Posts Tagged ‘FAA’

Welcome, drone pilots!

Sunday, February 15th, 2015

Think you have all the ratings? If newly proposed FAA rules on drones get approved–it will take two years–as written, there will be a new type of “pilot” certificate (only required for commercial drone use) called Unmanned Aerial Systems Operator. (Can “Rocket Pilot” be far behind?) Most rule comment periods are 60 days, but apparently that limitation has been tossed away. Here’s the good news. An early draft of the regulations says you need to go to a Knowledge Test Center to take the written test. No previous flying experience, medical certificate, or pilot certificate is required. It must be repeated every two years. If you are already a pilot, you still have to get a UAS operator certificate. First there is an application process. You have to be 17 or older. Following that applicants must visit a flight instructor who signs them off for the written test. All this means we have a pool of potential pilots coming to the airport soon, since that is where many Knowledge Test Centers are located. Do you suppose if we treat them as one of the pilot community, they might actually become private pilots? How many will there be? We can be a lot more optimistic than the FAA. The FAA thinks there will only be 7,500 commerical-use drone pilots in the United States five years after the drone regs take effect. I just checked a Web photography site called SLR (single-lens reflex) Lounge Beta, and I believe the estimate I found there that there are 100,000 wedding photographers out there who want to be competitive, so could there be 20,000 who might want to get a certificate? Now then, the National Association of Realtors said in 2007 there were two million real estate agents in the United States working for 109,000 firms. A few thousand firms may want their own drone, or at least sign a contract with a local drone pilot. So, another 10,000? We’re leaving out a bunch of industries here that may send people to the local Knowledge Test Center. Welcome to aviation, folks.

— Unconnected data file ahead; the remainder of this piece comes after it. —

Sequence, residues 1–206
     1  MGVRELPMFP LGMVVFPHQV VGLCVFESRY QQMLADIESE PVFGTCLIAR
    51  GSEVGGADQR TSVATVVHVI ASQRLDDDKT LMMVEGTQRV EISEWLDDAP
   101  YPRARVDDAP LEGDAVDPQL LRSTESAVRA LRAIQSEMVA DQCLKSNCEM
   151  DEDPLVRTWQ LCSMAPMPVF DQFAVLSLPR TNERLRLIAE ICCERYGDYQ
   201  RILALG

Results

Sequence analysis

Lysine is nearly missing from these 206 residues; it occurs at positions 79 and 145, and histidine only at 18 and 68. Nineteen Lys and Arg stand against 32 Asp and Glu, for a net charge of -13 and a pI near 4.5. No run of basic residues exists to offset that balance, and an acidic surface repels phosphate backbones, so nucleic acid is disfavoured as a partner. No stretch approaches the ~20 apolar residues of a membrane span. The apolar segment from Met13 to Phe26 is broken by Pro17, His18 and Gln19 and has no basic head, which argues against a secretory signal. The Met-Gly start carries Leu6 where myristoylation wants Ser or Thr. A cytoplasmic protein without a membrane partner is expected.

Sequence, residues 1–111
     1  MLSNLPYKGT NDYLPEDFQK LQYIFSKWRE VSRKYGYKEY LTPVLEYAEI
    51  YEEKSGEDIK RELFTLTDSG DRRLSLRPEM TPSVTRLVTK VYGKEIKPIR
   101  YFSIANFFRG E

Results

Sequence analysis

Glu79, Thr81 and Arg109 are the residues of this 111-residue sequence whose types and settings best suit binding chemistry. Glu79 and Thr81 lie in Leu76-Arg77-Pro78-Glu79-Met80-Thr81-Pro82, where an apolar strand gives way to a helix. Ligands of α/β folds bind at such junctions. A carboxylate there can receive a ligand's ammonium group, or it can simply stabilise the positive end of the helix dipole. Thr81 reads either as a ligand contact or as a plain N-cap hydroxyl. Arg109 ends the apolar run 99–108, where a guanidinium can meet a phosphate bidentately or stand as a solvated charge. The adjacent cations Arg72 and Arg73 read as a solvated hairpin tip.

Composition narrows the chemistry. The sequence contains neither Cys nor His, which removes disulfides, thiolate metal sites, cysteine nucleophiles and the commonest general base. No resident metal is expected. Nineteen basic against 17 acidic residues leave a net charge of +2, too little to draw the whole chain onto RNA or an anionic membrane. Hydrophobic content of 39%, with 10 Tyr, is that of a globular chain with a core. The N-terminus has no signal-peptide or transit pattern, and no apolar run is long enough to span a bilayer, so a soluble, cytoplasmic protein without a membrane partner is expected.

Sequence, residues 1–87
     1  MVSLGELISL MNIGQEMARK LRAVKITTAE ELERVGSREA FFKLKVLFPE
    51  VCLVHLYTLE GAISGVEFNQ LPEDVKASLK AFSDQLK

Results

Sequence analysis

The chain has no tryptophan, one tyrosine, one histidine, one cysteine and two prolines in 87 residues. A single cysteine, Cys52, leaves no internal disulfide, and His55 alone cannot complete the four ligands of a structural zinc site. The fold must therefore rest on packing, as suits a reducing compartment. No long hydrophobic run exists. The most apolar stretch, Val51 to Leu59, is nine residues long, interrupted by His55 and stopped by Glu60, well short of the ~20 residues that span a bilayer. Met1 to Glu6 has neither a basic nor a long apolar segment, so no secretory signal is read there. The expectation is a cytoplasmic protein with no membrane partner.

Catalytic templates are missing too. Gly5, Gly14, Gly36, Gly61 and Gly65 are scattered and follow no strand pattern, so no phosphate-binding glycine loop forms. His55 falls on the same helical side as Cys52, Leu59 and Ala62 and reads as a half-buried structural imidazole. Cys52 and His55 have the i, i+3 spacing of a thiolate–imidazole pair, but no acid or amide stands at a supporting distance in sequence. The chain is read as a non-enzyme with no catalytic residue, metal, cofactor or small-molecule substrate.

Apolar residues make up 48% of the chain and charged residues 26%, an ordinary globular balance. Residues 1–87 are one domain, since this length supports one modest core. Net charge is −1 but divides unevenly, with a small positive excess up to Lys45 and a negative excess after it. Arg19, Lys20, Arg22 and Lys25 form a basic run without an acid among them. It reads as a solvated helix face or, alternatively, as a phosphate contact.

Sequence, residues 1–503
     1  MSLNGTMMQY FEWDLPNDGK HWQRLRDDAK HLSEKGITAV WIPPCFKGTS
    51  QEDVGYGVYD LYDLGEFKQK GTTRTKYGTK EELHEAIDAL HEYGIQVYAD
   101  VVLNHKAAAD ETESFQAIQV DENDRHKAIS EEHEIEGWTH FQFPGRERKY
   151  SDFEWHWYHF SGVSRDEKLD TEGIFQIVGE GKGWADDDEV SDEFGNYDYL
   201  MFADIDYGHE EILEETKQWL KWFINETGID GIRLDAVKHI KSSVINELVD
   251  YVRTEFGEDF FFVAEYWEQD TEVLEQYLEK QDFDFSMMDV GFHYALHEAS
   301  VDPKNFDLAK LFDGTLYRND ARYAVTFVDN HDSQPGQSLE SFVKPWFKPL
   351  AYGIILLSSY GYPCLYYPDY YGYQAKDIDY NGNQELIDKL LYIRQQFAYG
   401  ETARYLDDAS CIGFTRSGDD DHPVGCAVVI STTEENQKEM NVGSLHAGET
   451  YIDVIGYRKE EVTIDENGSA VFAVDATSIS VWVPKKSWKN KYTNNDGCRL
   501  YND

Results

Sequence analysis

Editor’s note: You can get more details about the proposed rule and AOPA’s position on safely integrating drones into the National Airspace System in the story, “Proposed rules set limits on small UAS.”

FAA wants LSA paperwork to shine

Friday, June 29th, 2012

Update: There seems to be less to the FAA complaints against the light sport industry than it first appeared. It turns out there was a small sample of companies examined, and of those, less than a majority had problems.

The FAA found that a few light sport manufacturers are lousy at paperwork. The airplanes are  safe, say industry experts, but the light sport industry can’t prove it, retorts the FAA. The agency filed a notice here. Initial media stories interpreted the FAA action as a damning one for the LSA industry–and with good reason. The initial document issued by the FAA looks unnecessarily damning. See a Bloomberg/Business Week story on the subject here. While the FAA originally announced that companies not in compliance with the paperwork will not gain approval for future models, that now looks like only one company is guilty.

There was concern that some of the LSA companies could not contact customers or were out of business. I have no idea if that complaint involves one company or many, but I am betting one to three at the worst. Another issue concerned foreign LSA manufacturers–operating in a country that does not have proper agreements with the FAA–approving their airplanes through a third-party country that has the necessary agreements with the United States. Again, it now appears that is one company.

The FAA did not provide numbers or company names, but other sources provided a broader perspective of the FAA concerns. I know of one company that is rushing to make its paperwork better–and I also know they are pretty good people. They’ll make it right. If there are more, I will happily report the accurate number of companies in trouble. But right now it looks like very few.